Loading in 2 Seconds...
Loading in 2 Seconds...
Professional Chaplains and Health Care Quality Improvement: Tales of a Research Project. Nancy Berlinger, Ph.D., M.Div The Hastings Center Themes in Pastoral Theology February 5, 2009. Overview . Research project on chaplaincy and quality Core Values Three roles of the chaplain
Download Policy: Content on the Website is provided to you AS IS for your information and personal use and may not be sold / licensed / shared on other websites without getting consent from its author.While downloading, if for some reason you are not able to download a presentation, the publisher may have deleted the file from their server.
Nancy Berlinger, Ph.D., M.Div
The Hastings Center
Themes in Pastoral Theology
February 5, 2009
There are strong similarities between chaplains’ core values and the values of patient-centered care, including:
The Tension: Measurement is Impossible but Necessary
“I was struggling with the quality issue too, of how do we define it. What is it? Is it patient satisfaction? Is it perception of value? And who’s doing that perception?”
Only patients can tell us when their spiritual needs have been met
Surveys are the voice of the patients
Departmental surveys may better capture service provision
Patients don’t always recognize what spiritual care is
Patients and families may be poor judges of quality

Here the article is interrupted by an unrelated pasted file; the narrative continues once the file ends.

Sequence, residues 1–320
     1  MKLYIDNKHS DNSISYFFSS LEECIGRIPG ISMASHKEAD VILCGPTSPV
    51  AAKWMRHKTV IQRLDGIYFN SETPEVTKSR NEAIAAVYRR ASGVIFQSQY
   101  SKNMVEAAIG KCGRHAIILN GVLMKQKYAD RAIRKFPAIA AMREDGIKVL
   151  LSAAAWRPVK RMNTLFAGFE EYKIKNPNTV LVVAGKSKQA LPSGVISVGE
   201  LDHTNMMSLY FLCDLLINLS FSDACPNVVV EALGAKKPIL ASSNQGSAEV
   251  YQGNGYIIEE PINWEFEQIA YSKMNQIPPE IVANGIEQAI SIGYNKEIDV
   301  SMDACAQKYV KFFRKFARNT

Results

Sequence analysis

Surveys don’t measure all dimensions of spiritual careTension: Patient Satisfaction Surveys are “useless” yet “rough indicators” of quality
“It's a requirement for all departments to do a quality improvement project each year. It's usually not well received by my chaplains. They basically hate it, because it's very hard to quantify what we do.”
Chaplain as Shepherd
Bedside care of patients and families
Chaplain as Administrator
Institutional insider, shaping mission and culture
Chaplain as Prophet
“We skillfully facilitate an openness for persons to explore their spirituality, and particularly in regards to the crisis that they are facing in the moment, paying attention with listening skills and intervention techniques.”
“…We're not here to preach…We're here to travel with you, in your health care situation.”
“My ministry is not just to the patients. My ministry is to the family members, to the staff, to administration, to people from the community coming into the hospital.”
“You know, [the Saintliness Healthcare System] has a mission statement.… I think finding our role in the mission statement is also very helpful.… A positive way of asserting the role of chaplains, I think, is building on a mission statement.”
“The ideal for what a hospital should be as a healing environment.”
“Patients were treated as the appendectomy or the heart patient, and they were just sort of a machine that needed to be fixed. My goal… is to teach… the staff that spirituality is treating the whole person, the mind, body and spirit.”
“I was thinking about wasting time with someone.… [Patients tell us] thanks for spending the time, you spend a lot of time with me [and] it's almost an ‘I'm not worthy for this’.”